33-Year-Old Pitcher – Free Agent
2018 Fantasy Baseball Outlook
There was no outlook written for Craig Stammen in 2018. Check out the latest news below for more on his current fantasy value.
Craig Stammen Contract Information:
Signed a minor league contract with the Indians in February of 2016.
Stammen worked around a single to complete a scoreless frame in Wednesday's 10-0 loss to the Dodgers.
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Age is determined on July 1st of each season. Jump To: ▼ Advanced StatsNo No No
Craig Stammen Split Stats (View Full Split Stats)
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Craig Stammen Defensive Stats
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2017 Stat Review for Craig Stammen As compared to the top 100 relief pitchers in 2016 (min 55 in)
A collection of stats that measure different skills.
A few general measures of a pitcher's effectiveness.
Balls in play avg. and % of runners left stranded.
Craig Stammen: Past News Updates ( ▲ View most recent update )
RotoWire's Preseason Outlooks
There was no outlook written for Craig Stammen.
Of all the injuries that beset the Nationals in 2015, Stammen's might have been the most overlooked. The veteran right-hander had been the glue in the bullpen for three years, working in short or long relief as needed and averaging 80.2 innings with a 2.93 ERA, 1.25 WHIP and 74:26 K:BB ratio over that stretch, but a poor spring proved to be the product of a torn flexor tendon in his arm and he was lost for the year after just five appearances. Without Stammen to soak up those middle innings, the Nats struggled to bridge the gap from their starters to Drew Storen and eventually made a trade for Jonathan Papelbon that backfired spectacularly. If Stammen can return to full effectiveness following his surgery, he'll be an important part of the bullpen once again, but given his middling low-90s fastball/slider arsenal he doesn't have much margin for error.
Stammen once again soaked up a fair number of innings out of the Nationals' bullpen in 2014, but his fantasy utility took a big hit when his K/9 rate dropped to under seven and his ERA rose by more than a full run. Part of that ERA rise is noise, as his FIP was right in line with the previous two seasons, but the plunge in his strikeouts isn't something that can as easily ignored. There's no obvious culprit in his numbers to explain the drop, so like the ERA, it could just be a blip. Then again, the 31-year-old right-hander's stuff has never been considered plus. If those strikeouts don't return, Stammen will go from being a safe harbor on your waiver wire to a complete fantasy afterthought.
Stammen solidified his spot near the top of the fungible reliever rankings in 2013. While his slider-heavy repertoire doesn't generate a great strikeout rate, the Nationals frequently use him for multiple innings, which gives him plenty of chances to rack up bulk strikeouts and vulture wins (166 and 13, respectively, over the last two seasons), and consecutive years with a sub-3.00 ERA doesn't hurt either. When you're scrambling for a pitcher at the end of your deep league auction or draft, don't forget about Stammen.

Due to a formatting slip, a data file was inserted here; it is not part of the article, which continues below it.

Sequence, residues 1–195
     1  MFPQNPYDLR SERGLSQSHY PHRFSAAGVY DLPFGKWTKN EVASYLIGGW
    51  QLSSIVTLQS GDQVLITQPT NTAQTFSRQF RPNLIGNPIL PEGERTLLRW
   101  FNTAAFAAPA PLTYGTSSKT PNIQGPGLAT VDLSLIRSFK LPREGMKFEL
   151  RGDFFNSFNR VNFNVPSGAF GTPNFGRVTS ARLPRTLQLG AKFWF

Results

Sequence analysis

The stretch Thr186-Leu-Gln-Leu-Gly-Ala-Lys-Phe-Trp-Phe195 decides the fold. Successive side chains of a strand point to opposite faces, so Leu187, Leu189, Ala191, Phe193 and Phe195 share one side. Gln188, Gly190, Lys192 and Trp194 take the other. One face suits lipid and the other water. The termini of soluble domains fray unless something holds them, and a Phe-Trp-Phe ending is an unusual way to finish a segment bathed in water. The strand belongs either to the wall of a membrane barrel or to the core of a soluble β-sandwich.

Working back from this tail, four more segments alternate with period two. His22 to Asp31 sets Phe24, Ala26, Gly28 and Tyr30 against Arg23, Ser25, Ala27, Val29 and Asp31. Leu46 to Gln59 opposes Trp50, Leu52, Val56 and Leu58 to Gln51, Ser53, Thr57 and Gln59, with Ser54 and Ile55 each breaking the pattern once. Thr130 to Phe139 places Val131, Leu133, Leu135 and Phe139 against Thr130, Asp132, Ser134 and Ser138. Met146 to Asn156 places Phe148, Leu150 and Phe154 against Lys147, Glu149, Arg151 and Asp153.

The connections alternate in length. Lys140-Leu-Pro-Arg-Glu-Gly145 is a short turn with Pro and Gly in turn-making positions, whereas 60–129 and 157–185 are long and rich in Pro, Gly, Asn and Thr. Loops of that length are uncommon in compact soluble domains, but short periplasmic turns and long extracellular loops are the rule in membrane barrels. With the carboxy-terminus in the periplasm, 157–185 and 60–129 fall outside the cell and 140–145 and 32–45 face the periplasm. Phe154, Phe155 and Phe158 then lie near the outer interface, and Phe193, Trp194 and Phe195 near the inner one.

After failing as a fifth starter, Stammen has reinvented himself as a setup man. He has not seen a big increase in fastball velocity despite the increased 2012 strikeout rate, so his success might not be sustainable, and he is way down the depth chart when it comes to saves anyway so don't put too much fantasy stock in his turnaround.
Stammen had a lackluster season in Triple-A as a starter last year, posting a 4.75 ERA. He was hurt by a .327 BABIP and 69.3 percent strand rate, and pitched in seven games for the Nationals out of the bullpen. His skills translate to the bullpen because of his lack of a dominant pitch and his 90.5 mph fastball. Additionally, his ability to register groundballs and throw strikes could land him on the 25-man roster by the end of spring training.
Stammen added a slider in 2010, which got him a few more strikeouts but did nothing to help his other numbers. He'll get a look in the bullpen, but when he gets hit Stammen gets hit hard and until that problem is solved it doesn't matter what his role is.
Stammen was the prototypical Nationals pitcher last season, keeping his fringy stuff down in the strike zone just enough to have some degree of success in the majors, if a 5.11 ERA can be called 'success'. To be fair his FIP was only 4.68, but when you live as close to the edge as Stammen, it's hard to see that gap as merely a product of bad luck. Jordan Zimmermann's Tommy John surgery likely keeps him in the rotation picture for one more year, but the organization's pitching depth is improving rapidly and a guy like Stammen will be the first one to get the ax when the kids are ready.